Confidence Creates Success

As parents and caregivers, we want our children to do many things. We want them to succeed, we want them to achieve, we want them to make good decisions, we want them to be kind and productive members of society.

But if we boil these aspirations down to one essential hope for our kids, isn’t it that our children will be happy and content with the ‘self’ that they inhabit, and will treat that self with care, respect, and confidence?

It’s a hope that all parents share, but perhaps more than happiness is at stake. Your child’s path through childhood and into adulthood is shaped by the self-confidence you give her in the first years of her life.

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Self-Esteem and Early Childhood Development

Science has a lot to say about the impact of healthy self-esteem on the human animal. One of the most obvious benefits shows up in study after study: people reporting higher levels of self-confidence tend to be healthier, treating themselves better compared to people who report lower self-confidence.

But there is another outcome, more difficult to track, that has roots in the subtle but important interactions we parents have with our children in their earliest years. The confidence we give them in this early period has an impact on their social success for the rest of their lives.

During these first three years, your child develops a sense of safety and assurance that you are ready, willing and able to meet her needs. Scientists call this attachment, and it is a crucial part of early development. The research says that self-esteem appears to be strongly influenced by the quality of early attachment. Children who develop secure, healthy attachments in infancy with their primary caregivers (usually one or both parents) tend to show high marks on later tests of self-confidence, while early attachment problems are associated with later low self-esteem and lack of confidence.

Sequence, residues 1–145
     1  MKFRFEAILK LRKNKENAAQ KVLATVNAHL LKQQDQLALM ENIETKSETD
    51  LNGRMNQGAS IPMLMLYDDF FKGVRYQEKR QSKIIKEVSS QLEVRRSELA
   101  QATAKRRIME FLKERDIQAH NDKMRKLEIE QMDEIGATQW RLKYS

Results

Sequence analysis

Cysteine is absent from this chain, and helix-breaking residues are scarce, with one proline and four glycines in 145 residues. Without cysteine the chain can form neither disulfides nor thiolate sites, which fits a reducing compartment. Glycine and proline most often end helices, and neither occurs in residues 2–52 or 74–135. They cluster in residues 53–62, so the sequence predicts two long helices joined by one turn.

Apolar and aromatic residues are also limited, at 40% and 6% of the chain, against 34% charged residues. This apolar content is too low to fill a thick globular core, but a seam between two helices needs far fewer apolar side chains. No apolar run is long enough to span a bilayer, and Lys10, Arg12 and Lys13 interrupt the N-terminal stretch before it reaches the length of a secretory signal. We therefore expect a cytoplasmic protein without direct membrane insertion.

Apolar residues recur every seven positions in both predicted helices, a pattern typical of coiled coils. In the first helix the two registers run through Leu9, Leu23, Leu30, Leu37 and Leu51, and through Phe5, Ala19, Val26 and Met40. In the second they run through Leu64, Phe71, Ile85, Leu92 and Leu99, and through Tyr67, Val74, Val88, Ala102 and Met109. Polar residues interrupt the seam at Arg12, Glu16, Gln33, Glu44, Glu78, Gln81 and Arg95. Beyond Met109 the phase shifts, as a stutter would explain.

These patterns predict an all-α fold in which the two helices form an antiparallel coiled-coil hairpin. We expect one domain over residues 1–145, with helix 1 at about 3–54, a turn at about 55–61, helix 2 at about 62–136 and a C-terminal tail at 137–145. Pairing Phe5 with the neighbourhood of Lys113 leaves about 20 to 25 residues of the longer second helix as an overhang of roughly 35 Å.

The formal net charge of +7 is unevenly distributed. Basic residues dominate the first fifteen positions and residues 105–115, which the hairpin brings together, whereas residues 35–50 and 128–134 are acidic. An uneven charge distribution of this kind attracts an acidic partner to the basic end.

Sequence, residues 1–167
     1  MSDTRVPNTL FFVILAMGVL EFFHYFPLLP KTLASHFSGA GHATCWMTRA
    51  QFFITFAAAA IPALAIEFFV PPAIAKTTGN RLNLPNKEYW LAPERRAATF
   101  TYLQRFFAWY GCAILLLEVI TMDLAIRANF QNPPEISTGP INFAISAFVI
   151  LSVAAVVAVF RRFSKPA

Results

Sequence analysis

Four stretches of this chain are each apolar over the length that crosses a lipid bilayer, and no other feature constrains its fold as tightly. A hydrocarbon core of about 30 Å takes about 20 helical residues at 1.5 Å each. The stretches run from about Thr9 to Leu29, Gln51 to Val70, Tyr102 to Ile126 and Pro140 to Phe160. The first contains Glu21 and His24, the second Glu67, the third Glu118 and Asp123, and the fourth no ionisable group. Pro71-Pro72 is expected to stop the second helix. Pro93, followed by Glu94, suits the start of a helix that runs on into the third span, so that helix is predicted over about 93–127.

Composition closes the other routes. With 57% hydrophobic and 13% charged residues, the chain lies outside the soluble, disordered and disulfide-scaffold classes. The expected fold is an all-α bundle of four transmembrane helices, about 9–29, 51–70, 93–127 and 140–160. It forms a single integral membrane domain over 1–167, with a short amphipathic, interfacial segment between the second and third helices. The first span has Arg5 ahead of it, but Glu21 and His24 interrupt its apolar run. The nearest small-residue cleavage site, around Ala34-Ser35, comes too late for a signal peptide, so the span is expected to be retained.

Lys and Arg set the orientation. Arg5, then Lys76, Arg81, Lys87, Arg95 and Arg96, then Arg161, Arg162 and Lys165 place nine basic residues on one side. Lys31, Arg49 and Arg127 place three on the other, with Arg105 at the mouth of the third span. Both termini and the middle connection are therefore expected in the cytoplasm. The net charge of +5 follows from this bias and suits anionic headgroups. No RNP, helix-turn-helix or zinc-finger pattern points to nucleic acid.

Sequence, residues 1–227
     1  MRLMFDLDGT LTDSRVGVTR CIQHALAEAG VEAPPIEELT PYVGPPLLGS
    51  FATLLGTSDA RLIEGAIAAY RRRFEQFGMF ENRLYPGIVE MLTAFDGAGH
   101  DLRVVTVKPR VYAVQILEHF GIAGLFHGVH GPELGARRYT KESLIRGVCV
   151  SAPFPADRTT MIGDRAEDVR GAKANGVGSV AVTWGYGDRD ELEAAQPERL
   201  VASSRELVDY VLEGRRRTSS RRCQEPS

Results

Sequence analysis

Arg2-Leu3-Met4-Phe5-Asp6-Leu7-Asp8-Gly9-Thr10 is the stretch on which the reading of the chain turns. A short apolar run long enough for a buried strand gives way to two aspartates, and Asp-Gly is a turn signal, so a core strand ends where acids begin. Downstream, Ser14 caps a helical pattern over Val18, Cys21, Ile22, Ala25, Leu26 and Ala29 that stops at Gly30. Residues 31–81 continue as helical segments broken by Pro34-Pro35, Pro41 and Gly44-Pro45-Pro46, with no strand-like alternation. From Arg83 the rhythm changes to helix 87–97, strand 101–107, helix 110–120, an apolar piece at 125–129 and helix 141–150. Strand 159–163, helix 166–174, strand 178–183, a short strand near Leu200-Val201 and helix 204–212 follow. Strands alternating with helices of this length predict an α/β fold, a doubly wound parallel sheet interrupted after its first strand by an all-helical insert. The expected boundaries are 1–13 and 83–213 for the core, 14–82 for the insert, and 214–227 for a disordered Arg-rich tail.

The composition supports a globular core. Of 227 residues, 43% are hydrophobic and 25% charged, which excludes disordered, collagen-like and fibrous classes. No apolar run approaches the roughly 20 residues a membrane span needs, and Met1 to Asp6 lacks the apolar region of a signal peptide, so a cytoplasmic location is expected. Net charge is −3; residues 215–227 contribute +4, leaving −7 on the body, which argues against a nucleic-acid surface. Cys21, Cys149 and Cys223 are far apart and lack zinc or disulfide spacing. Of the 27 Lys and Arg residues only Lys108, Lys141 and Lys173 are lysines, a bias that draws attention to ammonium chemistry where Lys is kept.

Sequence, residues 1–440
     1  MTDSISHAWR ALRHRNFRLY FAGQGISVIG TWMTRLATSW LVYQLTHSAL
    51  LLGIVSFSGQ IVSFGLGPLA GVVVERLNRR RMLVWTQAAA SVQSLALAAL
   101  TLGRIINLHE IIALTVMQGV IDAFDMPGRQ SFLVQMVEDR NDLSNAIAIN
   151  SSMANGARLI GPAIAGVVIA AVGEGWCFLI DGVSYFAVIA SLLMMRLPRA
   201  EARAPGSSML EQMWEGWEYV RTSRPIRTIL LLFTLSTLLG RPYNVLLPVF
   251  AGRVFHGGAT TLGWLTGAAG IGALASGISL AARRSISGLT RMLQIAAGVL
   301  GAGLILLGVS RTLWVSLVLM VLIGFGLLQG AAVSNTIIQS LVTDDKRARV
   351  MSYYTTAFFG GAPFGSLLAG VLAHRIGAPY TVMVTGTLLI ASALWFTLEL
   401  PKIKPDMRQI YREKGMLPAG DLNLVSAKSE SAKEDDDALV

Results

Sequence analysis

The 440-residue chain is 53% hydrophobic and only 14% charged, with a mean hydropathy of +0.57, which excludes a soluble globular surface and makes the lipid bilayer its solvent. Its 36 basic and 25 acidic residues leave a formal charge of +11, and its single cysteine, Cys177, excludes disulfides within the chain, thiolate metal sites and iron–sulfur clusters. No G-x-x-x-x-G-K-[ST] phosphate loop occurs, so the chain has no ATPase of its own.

The Cycle of Self-Esteem

In both scenarios, these beginnings have snowball effects. Without this healthy attachment in early childhood, a child’s sense of insecurity might lead to a tendency to withdraw from social interactions, stifling her intellect and creativity. Parents may treat a shy, withdrawn child differently, sheltering her in a bubble of parental protection. While the parents have the best intentions, this could be the beginning of cycle in which the child’s lack of confidence in herself is confirmed by the people closest to her. She may also encounter less acceptance by other children, further enforcing the cycle of low self-confidence.

By contrast, a securely attached infant is likely to grow into a confident child who knows she is capable and leaps into challenges with gusto. Her parents are less likely to become overprotective, and her aura of confidence promotes social competence with peers and teachers. It can also make her a more effective learner: she shrugs off early failures, adapts her approach, and persists until she gets it right. In the early years, this might involve a simple task, like getting into a jacket with her arms in the correct sleeves. But later, the same self-confident tenacity helps her through tough school courses, college entrance exams, a long job hunt in a tough economy.

Start building self-confidence early by opening your senses to your child’s world. Listen and respond to her observations and worries. Talk her through the steps of a tough task. Let her fail in safe settings, but be there with a subtle guiding hand before serious frustration sets in. Rather than doing all things perfectly for your child, try, whenever appropriate, to simply be there while she slowly learns how to do it her way. The sense of mastery she gains by doing for herself — even with a little help from you — will help build the self-confidence she needs for a lifetime of success.

This article was originally published by Memphis Parent.